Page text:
Shopping is just a quest to find yourself out there. The prize goes to the one who can most accurately and authentically represent the inside on the outside. That look is unbeatable by any bank account or new wave. Kibbe’s book takes a lot of reading and thinking. So much like learning your own colouring, it places us in a temporary chaos that is important and necessary. Our usual shopping structure both supports and constrains us. Like in a Primal Soup, creativity and innovation are taking place under our radar from which we pull new idea relationships. We are inclined to move away from that chaos, but it’s an important place to move towards. A lot is happening there that is good.
Today, I’d like to try my hand at being a woman whose colours and style don’t mesh so easily. We start with a Dramatic True Summer, a Season we’re used to seeing embodied in lines that are curved, flowing, watery.Â Maybe today’s model is the True Summer who says she wants to wear black and scarlet instead of her better palette. Maybe what she really wants and doesn’t know it, is an outlet that expresses the drama she knows herself to possess. All she can articulate is resistance and she assumes it’s to the colours.
Working with animals teaches you to listen harder. They’re all telling us what they want or need. When you miss enough diagnoses that were right in your original patient history, you learn to put your arrogance on the shelf.Â If the colour system isn’t working for the woman, it’s not her who’s broke. Rather than say to her “Wear your colours for a week, you’ll get used to them”, which isn’t entirely wrong advice, perhaps incomplete is a better word, I need to think about where her reservations are coming from. As we know, there are thousands of psychological levels here, but at the heart of it, what is missing for her? Perhaps, this woman needs to discover her own lines. Then, she can assemble the apparel outlines inside which she’ll paint her colours and feel good at last.
What’s a Dramatic look like? Not the luscious dumpling Romantic that the singer Adele is. Draw a Dramatic with a ruler not a compass, not just the lines of the face but straight across the shoulders and long, narrow, and straight down the body. Kib’s examples would be Joan Crawford or Jamie Lee Curtis. Adjectives like statuesque, sharp, and imposing apply the instant they walk in the room. The very beautiful Darin Wright, creator of the outstanding Season-analyzed cosmetic line eleablake, seems to me a Bright Winter Dramatic. You’d fashion her statue with a chisel and hammer from a piece of marble, not from dough, cloth, or cotton candy.
How would she dress? Far more briefly than in the book,
YES: sharp and geometric; sculpted, sleek&long, crisp; mod to heavywtÂ fabric; bold, sweeping, clean, angular (plunging V, thin turtleneck, mandarin, halter necks); mid-thigh jackets; coat dress, sharp shoulders, narrow no-waist;Â colours as ensembles, monochromatics or neutrals or pastels; prints Picasso, bold; jewelry thin, sharp, asymmetric.
NO: round, swirled, draped, broken or horizontal lines; sheer, clingy, rough; frills, ruffles, gathers; shapeless necks; flouncy, nipped waist, fussy buttons, shapeless or boxy; heavy-chunky.
How do you do Â sharp geometry in a cool and soft colour selection in every single item for everyday life?
It was surprisingly mind-expanding (and tiring) to have to get into another headspace. I pretended Darin was looking over my shoulder – “Girl, I’d no more wear a shell, matching cardi, and pearls, I’d look like my Grampa!!!!!!!!!!! Someone get me a cold compress and a glass of wine, look what she’s doing to me!!!!!!!!!” It is most interesting what our eye doesn’t see when we’d swear we looked at every item on the Polyvore screen. Through Darin’s eyes, I saw items I would have never registered.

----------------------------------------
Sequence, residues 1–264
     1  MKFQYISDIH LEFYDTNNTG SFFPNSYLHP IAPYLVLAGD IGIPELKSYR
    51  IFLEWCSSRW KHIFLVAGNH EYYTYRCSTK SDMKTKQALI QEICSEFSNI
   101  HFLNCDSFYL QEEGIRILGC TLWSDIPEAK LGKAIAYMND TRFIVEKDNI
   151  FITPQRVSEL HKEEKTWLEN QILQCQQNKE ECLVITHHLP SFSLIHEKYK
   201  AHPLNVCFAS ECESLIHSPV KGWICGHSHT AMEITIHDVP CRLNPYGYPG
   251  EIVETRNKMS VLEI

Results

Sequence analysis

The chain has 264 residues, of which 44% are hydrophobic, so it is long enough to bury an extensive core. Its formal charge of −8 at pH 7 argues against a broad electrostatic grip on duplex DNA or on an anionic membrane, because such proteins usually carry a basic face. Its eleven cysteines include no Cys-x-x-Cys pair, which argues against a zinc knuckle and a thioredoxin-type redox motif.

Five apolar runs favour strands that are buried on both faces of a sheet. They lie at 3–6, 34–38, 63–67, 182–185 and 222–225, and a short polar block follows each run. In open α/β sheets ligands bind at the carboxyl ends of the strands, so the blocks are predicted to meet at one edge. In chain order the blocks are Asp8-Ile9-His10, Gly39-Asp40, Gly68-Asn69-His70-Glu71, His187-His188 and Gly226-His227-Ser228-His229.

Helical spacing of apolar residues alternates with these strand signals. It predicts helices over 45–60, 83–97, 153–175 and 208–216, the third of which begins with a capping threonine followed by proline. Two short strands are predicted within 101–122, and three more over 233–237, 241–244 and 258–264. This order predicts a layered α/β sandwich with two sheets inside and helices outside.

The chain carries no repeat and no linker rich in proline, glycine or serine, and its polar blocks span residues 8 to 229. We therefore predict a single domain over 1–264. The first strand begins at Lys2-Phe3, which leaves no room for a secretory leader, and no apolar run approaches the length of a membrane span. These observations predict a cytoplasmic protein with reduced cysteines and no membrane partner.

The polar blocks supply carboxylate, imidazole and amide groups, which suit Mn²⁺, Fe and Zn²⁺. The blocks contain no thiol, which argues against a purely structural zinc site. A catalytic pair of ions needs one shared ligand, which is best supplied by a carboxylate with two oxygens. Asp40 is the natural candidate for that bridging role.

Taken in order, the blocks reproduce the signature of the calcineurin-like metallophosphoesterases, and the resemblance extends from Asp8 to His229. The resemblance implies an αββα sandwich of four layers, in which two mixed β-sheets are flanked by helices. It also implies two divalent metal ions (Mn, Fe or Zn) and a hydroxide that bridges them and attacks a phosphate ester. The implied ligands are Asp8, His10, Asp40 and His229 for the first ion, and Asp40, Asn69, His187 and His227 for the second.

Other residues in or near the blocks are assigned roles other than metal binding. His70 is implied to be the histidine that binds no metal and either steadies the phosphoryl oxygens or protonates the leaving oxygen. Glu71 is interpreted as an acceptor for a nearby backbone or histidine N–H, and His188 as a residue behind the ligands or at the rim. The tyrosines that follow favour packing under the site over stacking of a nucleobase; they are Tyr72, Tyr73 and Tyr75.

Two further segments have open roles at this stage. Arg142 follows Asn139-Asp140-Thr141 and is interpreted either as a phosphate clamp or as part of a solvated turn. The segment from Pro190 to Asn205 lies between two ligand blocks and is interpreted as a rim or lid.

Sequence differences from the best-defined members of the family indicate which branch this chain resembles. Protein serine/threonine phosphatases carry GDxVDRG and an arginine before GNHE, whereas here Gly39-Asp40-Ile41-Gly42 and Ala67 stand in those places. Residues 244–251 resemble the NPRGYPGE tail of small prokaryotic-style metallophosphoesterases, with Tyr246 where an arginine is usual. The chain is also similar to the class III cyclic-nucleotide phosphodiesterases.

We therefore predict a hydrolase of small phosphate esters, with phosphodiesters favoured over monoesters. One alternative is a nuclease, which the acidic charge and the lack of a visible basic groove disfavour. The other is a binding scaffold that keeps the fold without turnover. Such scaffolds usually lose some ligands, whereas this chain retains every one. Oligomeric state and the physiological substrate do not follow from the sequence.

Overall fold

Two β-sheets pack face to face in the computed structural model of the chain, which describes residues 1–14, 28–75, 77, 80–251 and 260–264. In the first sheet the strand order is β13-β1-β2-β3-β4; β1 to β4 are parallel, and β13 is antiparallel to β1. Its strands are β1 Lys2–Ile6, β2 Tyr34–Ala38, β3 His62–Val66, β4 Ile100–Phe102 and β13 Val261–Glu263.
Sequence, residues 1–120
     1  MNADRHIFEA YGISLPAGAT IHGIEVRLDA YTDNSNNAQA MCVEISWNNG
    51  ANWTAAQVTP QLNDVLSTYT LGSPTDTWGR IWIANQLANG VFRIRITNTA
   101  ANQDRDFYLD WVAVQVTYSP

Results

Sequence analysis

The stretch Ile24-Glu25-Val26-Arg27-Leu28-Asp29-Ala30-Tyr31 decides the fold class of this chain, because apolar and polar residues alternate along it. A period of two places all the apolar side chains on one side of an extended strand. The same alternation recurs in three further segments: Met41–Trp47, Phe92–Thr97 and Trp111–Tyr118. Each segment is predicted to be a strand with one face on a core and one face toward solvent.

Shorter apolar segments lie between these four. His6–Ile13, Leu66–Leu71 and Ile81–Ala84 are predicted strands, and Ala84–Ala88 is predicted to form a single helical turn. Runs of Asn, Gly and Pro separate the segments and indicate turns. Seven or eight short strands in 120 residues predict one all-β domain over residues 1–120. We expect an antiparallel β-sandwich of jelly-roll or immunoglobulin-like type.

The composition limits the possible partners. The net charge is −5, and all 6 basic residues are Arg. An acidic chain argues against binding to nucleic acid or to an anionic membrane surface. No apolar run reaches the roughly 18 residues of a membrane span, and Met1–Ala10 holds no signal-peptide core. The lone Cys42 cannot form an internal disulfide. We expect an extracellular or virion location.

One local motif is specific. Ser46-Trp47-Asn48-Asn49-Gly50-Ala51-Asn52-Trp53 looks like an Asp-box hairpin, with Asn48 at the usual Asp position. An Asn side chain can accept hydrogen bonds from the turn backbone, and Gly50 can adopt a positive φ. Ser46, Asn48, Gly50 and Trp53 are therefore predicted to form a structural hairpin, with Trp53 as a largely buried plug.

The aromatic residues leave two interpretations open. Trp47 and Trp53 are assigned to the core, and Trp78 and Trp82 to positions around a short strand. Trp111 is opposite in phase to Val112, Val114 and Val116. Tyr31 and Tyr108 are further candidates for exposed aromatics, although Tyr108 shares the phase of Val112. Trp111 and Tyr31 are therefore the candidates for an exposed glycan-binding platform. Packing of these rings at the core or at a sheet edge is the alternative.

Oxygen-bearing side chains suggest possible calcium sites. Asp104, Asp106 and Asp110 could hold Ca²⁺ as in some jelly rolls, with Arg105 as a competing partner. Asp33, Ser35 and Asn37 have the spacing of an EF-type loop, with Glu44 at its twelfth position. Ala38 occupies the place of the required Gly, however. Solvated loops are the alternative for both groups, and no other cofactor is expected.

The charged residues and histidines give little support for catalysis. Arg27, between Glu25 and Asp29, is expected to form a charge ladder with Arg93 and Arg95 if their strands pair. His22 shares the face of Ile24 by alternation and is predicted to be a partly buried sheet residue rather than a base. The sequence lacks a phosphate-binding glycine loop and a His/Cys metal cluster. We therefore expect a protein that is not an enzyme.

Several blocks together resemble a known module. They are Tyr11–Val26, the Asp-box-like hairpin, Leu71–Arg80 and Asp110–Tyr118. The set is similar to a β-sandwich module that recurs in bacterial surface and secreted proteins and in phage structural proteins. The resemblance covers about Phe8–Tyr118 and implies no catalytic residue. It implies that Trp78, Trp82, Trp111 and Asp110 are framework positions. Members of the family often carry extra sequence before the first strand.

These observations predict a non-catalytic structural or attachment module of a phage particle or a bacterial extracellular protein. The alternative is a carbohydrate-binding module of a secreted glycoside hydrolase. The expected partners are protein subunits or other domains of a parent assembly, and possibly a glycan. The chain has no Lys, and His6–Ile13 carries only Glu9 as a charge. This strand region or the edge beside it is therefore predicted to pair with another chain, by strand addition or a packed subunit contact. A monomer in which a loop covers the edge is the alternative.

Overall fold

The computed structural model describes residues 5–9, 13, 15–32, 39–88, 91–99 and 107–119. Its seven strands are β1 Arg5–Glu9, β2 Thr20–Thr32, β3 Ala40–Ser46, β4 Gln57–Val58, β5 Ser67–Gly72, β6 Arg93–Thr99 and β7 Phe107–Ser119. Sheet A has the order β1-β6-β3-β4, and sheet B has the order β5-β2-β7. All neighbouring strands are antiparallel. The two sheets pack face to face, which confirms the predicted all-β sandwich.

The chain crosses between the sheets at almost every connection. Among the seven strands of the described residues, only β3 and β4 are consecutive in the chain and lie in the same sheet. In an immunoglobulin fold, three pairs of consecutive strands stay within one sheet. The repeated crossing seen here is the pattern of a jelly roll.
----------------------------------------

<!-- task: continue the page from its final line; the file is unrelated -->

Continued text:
I thought about the word ‘modern’. No particular sense of humor as in not funky or groovy. Not trendy, which has no strength. Modern became clean&futuristic, very much a Winter association in my head up till now.
I thought about what ‘bold’ means. Not sassy, one of the modern versions of bold, which can look tasteless and juvenile and for this category. Keeping boldness of style a separate entity than boldness of colour mattered since True Summer colours don’t come across boldly and I was trying to keep the number of colours controlled. Sometimes, I used an accessory, an unusual colour, or a contrast level to bring up the boldness of an entire ensemble.
Drama while keeping the bling down meant rediscovering how to convey drama through line instead of Dollar Store sparkle or cleavage. Every single item had to convey continuous vertical line and/or extreme angularity and/or unique geometry. Only a few items had more than one of these at a time, very hard to find in this palette. When I look at the Polyvore, it seems too conservative. If the clothes were in Bright Winter colours, they’d jump off the page more, but on a True Summer, she’d become a ghost.
I got a funny feeling of homesickness out of nowhere. I really had to shut myself off and be Darin. Like playing that Rush Hour Traffic Jam puzzle,Â I had to be very plastic about moving colour and style around one another. It’s a brilliant exercise. By the end, I couldn’t even stand a round watch face, or even a square one.
And I shall never complain about trying to find Dramatic Classic clothes in Dark Winter colours again. Try to put a Polyvore together, like watches for all 12 Seasons or all 13 Kibbes. You really have to get out of your own head, but when you come back, your own head is lot clearer. By deciding why an item is wrong for a Season or style, you learn more than by deciding why it’s right or going on the “I just like it, that’s all.” instinct.
Next is the Romantic Soft Autumn. Make a Polyvore outfit of any type of Romantic Autumn if you have time and send me the link. I’ll post it along with mine.